Nature Reviews Endocrinology: Protein kinases could be the next target in the treatment of diseases associated with obesity

16 Oct 2020

Scientists at the Centro Nacional de Investigaciones Cardiovasculares (CNIC) review the roles of a groups of proteins called stress kinases in metabolism in an article published in Nature Reviews Endocrinology

Stress kinases are proteins in the body that are associated with obesity and metabolic alterations such as insulin resistance and diabetes. Understanding their mechanisms and routes of action could be crucial for the design of therapeutic strategies to combat the global epidemic of obesity, which affects millions of people worldwide.

One of the key features of obesity is the activation of stress activated protein kinases (SAPKs). In mammals, this class of proteins is composed of the p38 family (p38 mitogen-activated protein kinases) and the JNK family (c-Jun N-terminal kinases). In the review article published in Nature Reviews Endocrinology, scientists from the Centro Nacional de Investigaciones Cardiovasculares (CNIC) explain that these kinases are essential for the correct adjustment of metabolism to changing conditions. Obesity is characterized by the uncontrolled activation of SAPKs in several organs and tissues, including fat, liver, muscle, immune cells, and the central nervous system. This unregulated activity makes a major contribution to the development of obesity-related complications and diseases.

“This makes SAPK signaling pathways potential targets for the development of new treatment strategies to combat obesity”, explained Dr Guadalupe Sabio, a group leader at the CNIC and coordinator of the review.

Obesity is the second leading preventable cause of death, after smoking. Obesity also predisposes to diseases like type 2 diabetes, cirrhosis, cancer, and cardiovascular disease, all of which are leading causes of death. Current projections for Spain predict that by 2030 overweight or obesity will affect 27 million adults, accounting for 80% of all men and 55% of all women.

The main goals of this research field are to understand the function of each member of the p38 and JNK protein families and to identify specific inhibitors

Unfortunately, current treatments for obesity are of limited effectiveness and can have several unwanted consequences.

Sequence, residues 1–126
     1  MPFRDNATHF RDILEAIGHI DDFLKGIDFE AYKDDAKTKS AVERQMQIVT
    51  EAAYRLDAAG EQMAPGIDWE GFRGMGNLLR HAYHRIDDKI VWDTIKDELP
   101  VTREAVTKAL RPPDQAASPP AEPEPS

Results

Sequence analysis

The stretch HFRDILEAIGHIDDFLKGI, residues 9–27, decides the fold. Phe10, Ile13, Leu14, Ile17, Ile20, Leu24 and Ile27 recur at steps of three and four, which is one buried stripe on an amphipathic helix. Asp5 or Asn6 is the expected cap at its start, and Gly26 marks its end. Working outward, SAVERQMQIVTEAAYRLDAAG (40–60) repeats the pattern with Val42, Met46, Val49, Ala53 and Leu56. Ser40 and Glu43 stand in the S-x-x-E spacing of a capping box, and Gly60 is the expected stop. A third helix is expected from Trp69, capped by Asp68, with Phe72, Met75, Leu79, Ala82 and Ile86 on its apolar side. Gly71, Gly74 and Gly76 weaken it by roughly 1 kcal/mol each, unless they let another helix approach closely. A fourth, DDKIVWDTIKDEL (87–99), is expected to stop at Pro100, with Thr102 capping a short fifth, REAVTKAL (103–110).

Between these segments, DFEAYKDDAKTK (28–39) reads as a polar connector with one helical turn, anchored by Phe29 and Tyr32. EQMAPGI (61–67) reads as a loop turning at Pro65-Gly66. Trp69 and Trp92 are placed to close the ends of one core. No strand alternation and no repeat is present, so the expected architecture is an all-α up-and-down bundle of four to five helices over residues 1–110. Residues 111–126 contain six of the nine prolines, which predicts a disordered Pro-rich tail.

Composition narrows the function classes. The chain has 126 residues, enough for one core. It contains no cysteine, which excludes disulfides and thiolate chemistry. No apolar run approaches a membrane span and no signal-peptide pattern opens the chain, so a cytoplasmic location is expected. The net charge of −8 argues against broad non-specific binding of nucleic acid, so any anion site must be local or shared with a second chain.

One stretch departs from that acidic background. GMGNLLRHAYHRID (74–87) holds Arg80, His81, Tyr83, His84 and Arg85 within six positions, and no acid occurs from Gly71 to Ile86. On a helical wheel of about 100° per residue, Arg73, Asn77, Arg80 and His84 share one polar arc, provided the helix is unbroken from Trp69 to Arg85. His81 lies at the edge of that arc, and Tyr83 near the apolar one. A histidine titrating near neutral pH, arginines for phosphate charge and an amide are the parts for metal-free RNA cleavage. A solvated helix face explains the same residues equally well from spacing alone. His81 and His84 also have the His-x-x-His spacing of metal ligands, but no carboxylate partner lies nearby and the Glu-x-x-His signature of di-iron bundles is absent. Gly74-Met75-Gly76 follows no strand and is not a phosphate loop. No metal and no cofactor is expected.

Dr Sabio therefore stresses the “pressing need to define the molecular mechanisms that underlie the metabolic disorders associated with obesity so that we can prevent and treat them.

Intense research by Sabio’s group and others over many years has provided important insights into the molecular mechanisms through which these kinases regulate metabolism in normal-weight and obese individuals. This work has established the contribution of SAPKs to the development of obesity and insulin resistance.

In the new article, Drs Guadalupe Sabio, Ivana Nikolic, and Magdalena Leiva provide an up-to-date perspective on the role of SAPKs in metabolic regulation in different organs and outline the major discoveries in the field in the past ten years.

For example, JNK and p38 SAPKs are known to act through diverse signaling pathways and mechanisms that affect metabolic processes such as insulin sensitivity, thermogenesis, and lipolysis. In addition, SAPK activity in immune cells triggers inflammation in several tissues and alters systemic metabolism in obesity. The accumulated evidence also shows that SAPKs have tissue and substrate specific functions and that their activation is involved in disorders related to obesity, steatohepatitis, liver cancer, heart failure, and diabetes mellitus.

As Dr Sabio says, “although the importance of SAPKs is ever more clear, there is still much research to be done; for example, before any clinical intervention to modulate SAPKs it will first be essential to identify the specific functions of each p38 and JNK protein.”

The authors consider that before embarking on preclinical and clinical trials with SAPK inhibitors, it is important to design specific molecules to treat the different obesity-associated diseases. But they also caution that “this will first require a more profound understanding of the mechanisms involved.”

Obesity is an especially important health problem because it predisposes to serious diseases like type 2 diabetes, cirrhosis, cancer, and cardiovascular disease

The scientists conclude that the main goal in this field is to identify specific inhibitors for each of the individual p38 and JNK members. These molecules can then be tested for their ability to prevent and treat obesity and associated diseases. “The specific organization of SAPK pathways in different tissues provides potential therapeutic openings for the prevention and treatment of metabolic syndrome and associated disorders.”

Dr Sabio’s laboratory receives funding from the Asociación Española Contra el Cáncer (AECC) Scientific Fund, the Fundación BBVA Beca Leonardo para Investigadores y Creadores Culturales award for 2017, and the European Foundation for the study of Diabetes (EFSD).